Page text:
Principles of Health Management

By François Cardinal, Les Consultants Avi-Porc, Quebec as presented at the 2007 London Swine Conference.
calendar icon 30 July 2007
clock icon 17 minute read


The goal of this paper is to provide producers with a road map to limit the impact of diseases in swine herds. A good knowledge of key information on diseases and on how to accurately diagnose them at the farm level is the starting point for success. Table 1 summarizes some of the basic information on three major infectious agents: PRRS virus, Mycoplasma hyopneumoniae and porcine circovirus type 2 (PCV2). Also, to limit as much as possible the frustration and losses associated with re-breaks, regularly updated biosecurity measures should be established and observed. Air filtration will soon be part of a good biosecurity program even in commercial farms. Table 2 describes the basic elements of a sound biosecurity program for a commercial farrow-to-finish farm or a sow unit. The choice of the replacement stock health status (Table 3) and the proper acclimatization of animals to be introduced are also major concerns. Finally, management rules that can help to limit the transmission of diseases or improve the pig’s natural defenses are good complementary tools to vaccination and strategic medication programs. Table 4 shows examples of such rules for PCVAD and PRRS.


In the past 30 years, the swine industry has seen many new diseases causing significant problems: porcine pleuropneumonia, swine influenza, PRRS and more recently PCVAD. It is more and more complex to raise healthy pigs. Also, health concerns are taking a growing share of the pig production cost which may affect our competitiveness on the export market.

The goal of this paper is to give pork producers a road map to limit the impact of diseases in a herd or system. Sometimes in this quickly changing world we have to stop, and reevaluate whether or not we are on the right path. So I will use a “back to the basics” approach to address this goal.

Four principles, or themes will be reviewed and commented on.

First Principle: Know Your Opponent

Before trying to control diseases at the farm level, it is very important to get information about what we really have to fight. Understanding how a specific pathogen can spread, infect pigs, replicate and for how long are examples of the type of information needed. The more is known about a disease, the better are the chances that this disease will be kept under control at a relatively low cost. Table 1 shows some basic information on three major infectious agents: PRRS virus, Mycoplasma hyopneumoniae and PCV2. The information in this table should not be used as definitive, carved in stone data. Indeed, many factors may interact with field situations that can result in potential timeline changes. Furthermore, what is found to be true today may not be exactly the same tomorrow. Veterinary medicine, just as human medicine, is not a static science. However, one needs to start somewhere and the data used in the table are quite representative of those that are reported in the scientific literature. These data can be useful in taking decisions on what health protocols to choose for a farm.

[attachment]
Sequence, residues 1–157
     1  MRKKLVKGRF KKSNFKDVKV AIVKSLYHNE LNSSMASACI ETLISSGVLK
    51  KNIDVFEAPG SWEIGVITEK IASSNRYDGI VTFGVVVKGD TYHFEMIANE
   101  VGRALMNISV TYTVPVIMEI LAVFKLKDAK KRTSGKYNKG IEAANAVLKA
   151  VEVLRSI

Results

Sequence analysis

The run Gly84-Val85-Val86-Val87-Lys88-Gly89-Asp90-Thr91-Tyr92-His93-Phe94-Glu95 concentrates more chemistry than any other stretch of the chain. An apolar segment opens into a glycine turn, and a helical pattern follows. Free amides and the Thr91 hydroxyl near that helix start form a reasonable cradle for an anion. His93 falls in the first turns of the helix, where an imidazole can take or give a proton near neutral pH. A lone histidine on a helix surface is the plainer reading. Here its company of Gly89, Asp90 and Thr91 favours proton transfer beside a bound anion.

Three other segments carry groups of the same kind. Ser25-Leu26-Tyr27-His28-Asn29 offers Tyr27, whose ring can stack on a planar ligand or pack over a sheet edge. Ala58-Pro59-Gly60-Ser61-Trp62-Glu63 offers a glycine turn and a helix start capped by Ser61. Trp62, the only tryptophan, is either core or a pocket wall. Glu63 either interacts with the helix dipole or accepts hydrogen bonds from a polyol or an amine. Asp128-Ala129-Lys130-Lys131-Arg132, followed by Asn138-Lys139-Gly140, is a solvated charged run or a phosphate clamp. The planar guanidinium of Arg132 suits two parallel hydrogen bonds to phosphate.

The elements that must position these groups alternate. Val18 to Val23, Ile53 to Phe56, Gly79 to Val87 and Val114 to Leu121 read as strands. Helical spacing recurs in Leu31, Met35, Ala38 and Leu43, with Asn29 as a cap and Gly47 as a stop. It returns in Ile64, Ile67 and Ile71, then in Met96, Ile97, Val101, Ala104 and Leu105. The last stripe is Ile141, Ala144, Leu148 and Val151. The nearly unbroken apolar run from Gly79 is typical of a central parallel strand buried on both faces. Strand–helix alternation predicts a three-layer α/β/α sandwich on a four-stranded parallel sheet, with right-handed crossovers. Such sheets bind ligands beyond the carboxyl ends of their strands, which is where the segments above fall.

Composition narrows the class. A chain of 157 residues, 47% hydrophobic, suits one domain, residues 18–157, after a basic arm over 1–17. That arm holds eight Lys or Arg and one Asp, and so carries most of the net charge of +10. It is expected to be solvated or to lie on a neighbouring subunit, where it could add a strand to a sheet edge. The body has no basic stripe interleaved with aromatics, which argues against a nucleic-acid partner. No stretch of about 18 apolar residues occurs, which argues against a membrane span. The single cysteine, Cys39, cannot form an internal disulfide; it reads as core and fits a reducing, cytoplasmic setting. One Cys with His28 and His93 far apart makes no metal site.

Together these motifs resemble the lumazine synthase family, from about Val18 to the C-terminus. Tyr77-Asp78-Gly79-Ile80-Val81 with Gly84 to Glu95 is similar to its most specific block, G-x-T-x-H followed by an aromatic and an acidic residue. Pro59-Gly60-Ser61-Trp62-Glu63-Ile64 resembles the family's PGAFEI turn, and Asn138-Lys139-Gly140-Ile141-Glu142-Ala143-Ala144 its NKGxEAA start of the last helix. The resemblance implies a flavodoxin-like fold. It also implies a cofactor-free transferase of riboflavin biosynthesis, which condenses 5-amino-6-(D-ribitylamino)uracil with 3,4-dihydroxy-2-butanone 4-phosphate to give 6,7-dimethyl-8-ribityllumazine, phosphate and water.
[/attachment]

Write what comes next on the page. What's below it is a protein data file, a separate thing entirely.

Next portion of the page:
One should remember that we manage herds and not individuals, so the data presented here should be interpreted accordingly. For example, if a sow herd becomes affected by a new strain of PRRS virus and the idea is to get rid of it, the introduction of replacement gilts should theoretically be stopped for at least 100 days after the last sow was infected by the virus, and not 100 days after the beginning of clinical signs in the herd. I say theoretically because, as discussed later in the document, there is often a difference between the longest time that an animal can be carrier of an organism, and the longest time it can shed it.